Wasn’t there some Geneva Convention ruling that it’s a war crime to shoot a combat medic who’s clearly identified in combat. But in Vietnam …

 

There were no rules.

 

Forget it.

 

Forget it; right.  And life expectancies for combat medics were worse than first lieutenants.

 

So, you wore weapons.

 

I carried, I carried both sidearm and a rifle.  And you wore nothing that indicated that you were a medic, other than your bag was bigger than the rest.

 

And then, you went out right after people got hurt in combat.

 

My mission, I was with a long-range reconnaissance team.  And so, when someone got wounded, they were generally standing right next to you, so you knew what was going on.  Yeah.

 

So, you could have been hit too.

 

Yeah.

 

Did you fire your weapon?

 

Yes. You know, for me, part of that experience, being twenty by the time I got there, and being young and adventurous, part of my responsibility being on that team was, I had to learn all the duties or all the functions of everyone else.  And as the medic, I trained the members of my team to the best of my ability in terms of, you know, first responder life-saving methods.  So, while with the team, not only did I fire my weapons, but you know, I helped set ambushes, I learned how to call artillery, and learned how to set demolitions and blow charges.  And yeah, you gotta understand, for a twenty-year-old, this is like fun stuff.

 

You don’t feel that it’ll actually hurt you? Do you feel untouchable?

 

You feel immortal.

 

Immortal.

 

Yeah.

 

Yeah.

 

The most foolish kinds of things that one accepts in combat is that if it happens, it happens.  You know. And then, for me, it was, you know, as long as I can get through three of these life-threatening experiences, then I’ll be okay.  I very clearly distinctly remember the three times that I was supposed to have received something fatal, and survived.  And after the third time, it was like, oh, big relief.  I said: Nothing’s gonna happen.

 

I’ve got a force field around me.

 

I’ve got a force field around me.  And then, you just kinda learn how to operate just naturally and freely.  And yeah, you were still concerned, you were still frightened on occasion, but you knew that at the end of the day, nothing’s gonna happen. And you know … nothing happened.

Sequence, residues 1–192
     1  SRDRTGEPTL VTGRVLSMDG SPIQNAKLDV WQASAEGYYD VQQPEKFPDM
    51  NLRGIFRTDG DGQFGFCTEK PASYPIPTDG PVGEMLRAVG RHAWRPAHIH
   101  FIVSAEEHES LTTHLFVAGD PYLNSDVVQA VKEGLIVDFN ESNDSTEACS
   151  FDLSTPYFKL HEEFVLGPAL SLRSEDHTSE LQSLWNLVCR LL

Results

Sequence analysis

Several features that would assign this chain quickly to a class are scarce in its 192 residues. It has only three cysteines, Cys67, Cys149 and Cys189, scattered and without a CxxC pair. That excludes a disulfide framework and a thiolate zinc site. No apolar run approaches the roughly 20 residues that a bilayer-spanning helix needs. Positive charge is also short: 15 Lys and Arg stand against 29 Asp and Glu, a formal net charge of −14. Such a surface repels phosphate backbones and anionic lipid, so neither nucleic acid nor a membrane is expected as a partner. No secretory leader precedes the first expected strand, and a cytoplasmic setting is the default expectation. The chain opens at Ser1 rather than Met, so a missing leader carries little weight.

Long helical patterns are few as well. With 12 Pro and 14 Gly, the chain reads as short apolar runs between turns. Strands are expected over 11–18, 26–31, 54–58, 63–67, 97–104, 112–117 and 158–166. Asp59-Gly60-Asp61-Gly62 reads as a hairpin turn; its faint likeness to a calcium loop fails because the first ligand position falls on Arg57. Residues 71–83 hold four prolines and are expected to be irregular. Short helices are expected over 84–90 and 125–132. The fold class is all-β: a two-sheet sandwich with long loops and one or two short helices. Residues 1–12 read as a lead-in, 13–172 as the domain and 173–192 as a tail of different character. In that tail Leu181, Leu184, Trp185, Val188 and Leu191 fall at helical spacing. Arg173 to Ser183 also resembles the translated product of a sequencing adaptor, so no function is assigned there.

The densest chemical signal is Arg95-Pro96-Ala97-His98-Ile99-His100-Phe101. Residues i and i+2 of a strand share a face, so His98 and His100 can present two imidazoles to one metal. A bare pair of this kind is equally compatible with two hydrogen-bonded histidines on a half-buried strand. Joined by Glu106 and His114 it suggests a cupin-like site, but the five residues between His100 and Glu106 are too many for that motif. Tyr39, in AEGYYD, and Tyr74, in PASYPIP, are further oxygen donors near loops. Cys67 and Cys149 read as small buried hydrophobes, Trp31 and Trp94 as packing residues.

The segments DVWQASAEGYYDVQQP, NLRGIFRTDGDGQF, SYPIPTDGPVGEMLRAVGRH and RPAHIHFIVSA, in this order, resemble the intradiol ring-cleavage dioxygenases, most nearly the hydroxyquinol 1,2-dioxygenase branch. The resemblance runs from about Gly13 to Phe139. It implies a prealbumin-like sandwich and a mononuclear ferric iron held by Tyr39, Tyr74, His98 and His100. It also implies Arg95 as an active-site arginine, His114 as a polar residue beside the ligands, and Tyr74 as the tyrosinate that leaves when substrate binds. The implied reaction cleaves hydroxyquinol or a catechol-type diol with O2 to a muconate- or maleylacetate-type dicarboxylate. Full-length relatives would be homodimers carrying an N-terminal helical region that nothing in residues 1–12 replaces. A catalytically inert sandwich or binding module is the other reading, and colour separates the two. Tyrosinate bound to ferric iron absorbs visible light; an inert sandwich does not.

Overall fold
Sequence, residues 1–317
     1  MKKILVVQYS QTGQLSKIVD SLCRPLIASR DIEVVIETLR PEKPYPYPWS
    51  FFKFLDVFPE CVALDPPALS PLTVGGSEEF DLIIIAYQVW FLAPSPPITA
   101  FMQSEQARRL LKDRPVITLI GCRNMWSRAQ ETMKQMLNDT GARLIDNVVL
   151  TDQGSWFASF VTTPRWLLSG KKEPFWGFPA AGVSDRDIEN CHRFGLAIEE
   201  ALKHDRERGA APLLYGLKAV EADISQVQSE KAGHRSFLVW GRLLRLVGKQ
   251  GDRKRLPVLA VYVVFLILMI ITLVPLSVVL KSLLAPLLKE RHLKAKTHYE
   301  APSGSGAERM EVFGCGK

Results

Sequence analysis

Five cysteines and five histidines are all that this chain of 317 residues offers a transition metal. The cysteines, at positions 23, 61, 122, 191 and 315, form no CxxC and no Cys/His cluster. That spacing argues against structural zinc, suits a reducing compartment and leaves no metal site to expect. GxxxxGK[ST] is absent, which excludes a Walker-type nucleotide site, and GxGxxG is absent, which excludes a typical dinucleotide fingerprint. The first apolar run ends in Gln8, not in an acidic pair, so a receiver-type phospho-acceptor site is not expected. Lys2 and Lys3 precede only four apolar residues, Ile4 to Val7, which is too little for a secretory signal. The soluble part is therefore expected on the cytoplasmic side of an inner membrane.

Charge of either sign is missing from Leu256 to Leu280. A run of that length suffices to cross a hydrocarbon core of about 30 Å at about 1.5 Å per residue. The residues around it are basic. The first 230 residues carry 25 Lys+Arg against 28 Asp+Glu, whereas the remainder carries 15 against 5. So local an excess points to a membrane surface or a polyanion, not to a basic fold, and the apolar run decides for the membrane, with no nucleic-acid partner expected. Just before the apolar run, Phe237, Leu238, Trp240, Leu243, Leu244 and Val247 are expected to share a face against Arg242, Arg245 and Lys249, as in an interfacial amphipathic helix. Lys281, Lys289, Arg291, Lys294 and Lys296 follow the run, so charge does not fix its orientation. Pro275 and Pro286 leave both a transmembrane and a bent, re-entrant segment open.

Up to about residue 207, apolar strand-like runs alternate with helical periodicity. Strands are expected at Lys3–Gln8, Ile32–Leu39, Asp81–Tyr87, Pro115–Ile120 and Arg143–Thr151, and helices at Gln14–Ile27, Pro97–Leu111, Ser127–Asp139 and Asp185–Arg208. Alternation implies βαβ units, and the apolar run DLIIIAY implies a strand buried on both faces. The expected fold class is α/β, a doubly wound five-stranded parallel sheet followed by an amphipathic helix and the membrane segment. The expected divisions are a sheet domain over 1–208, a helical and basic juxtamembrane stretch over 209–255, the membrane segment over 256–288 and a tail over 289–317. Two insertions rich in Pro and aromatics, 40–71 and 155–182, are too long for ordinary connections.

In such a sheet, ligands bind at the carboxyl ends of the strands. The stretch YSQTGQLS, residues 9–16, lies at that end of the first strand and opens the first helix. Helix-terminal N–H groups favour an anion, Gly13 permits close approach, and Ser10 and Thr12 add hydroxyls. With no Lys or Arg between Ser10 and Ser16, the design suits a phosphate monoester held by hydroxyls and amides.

But you can’t do that by skill alone; right?

 

It’s luck.

 

It is a matter of chance.

 

No, no, no.  Yeah; you survive combat purely on luck.

 

And meanwhile, you were seeing some scenes you can’t un-see.

 

Yeah.

 

Mutilated limbs and gory stuff.

 

Yeah.

 

Very sad, just grievous injuries.  How did you deal with that?

 

For me, it was just reactionary.  I trained; everyone trained.

 

You compartmentalized?

 

You compartmentalize.  When stuff happened, instinct kicks in.  And you know, I think one of the saving graces of our current force is that our young shooters, as I call them, the young infantry soldiers or the young combat soldiers that have to go to war for us, they are required to train twenty-four/seven.  And it becomes instinctive, it becomes reactionary.  So, when they’re on a patrol, they experience enemy action, they immediately shift into their combat mode.

 

Did you hear the talk that we understand was common at the time, where people were saying: What are we here for, why are here, this war doesn’t make sense.

 

Yeah. We would hear about that or read about that in letters or the newspapers that would occasionally come to us.  But you know, the reality is, at the end of the day in combat, you’re not thinking about fighting for your country, you’re not thinking about fighting to preserve, you know, family values or the constitution, et cetera.  You are simply thinking about saving the life of your buddy on your right and on your left. And you know, the reality is, at the end of the day, if you’ve done your job right and everybody survives, our country will be blessed by that.

 

Did you get really close to the guys you served with?

 

Oh; you know, to this day.  Fifty years ago, I met incredible bunch of young men, and probably spent twenty-four/seven with these men, maybe not more than four or five months with them, but to this day, when I hear their voice, I immediately know who I’m talking to. It’s that special bond that even kind of um, surpasses a familial bond.  You know, I have a relationship and memories of guys that I served with perhaps that run deeper than with my own two siblings.

 

Wow.  And you know, when you’re with somebody who’s terribly hurt, and possibly or inevitably dying, it’s a really intimate time you share.  How was that?

 

Yeah. For me, and the guys most closest to me, if one of our buddies was hit, we were—this is fascinating–we were doing our best to stabilize his condition, but it becomes not quiet and soft, but it becomes a loud, raucous kind of conversation to get their attention, to get them to focus, to get them to hang on and not to give up.  You know, so it’s yelling and screaming.  This is like—you know, I remember the first time that happened, my platoon sergeant, who obviously had been there longer than me, as I was treating one of my wounded buddies, he was shaking him to get him to respond, to wake up, and to fight on before we put him on the helicopter.  And I learned something that day, in terms of first, you know, you’re gonna … do your job to stop the bleeding, prevent the shock, but at the end of the day, you’ve got to get that young soldier’s attention, to get him to focus on things he needs to do.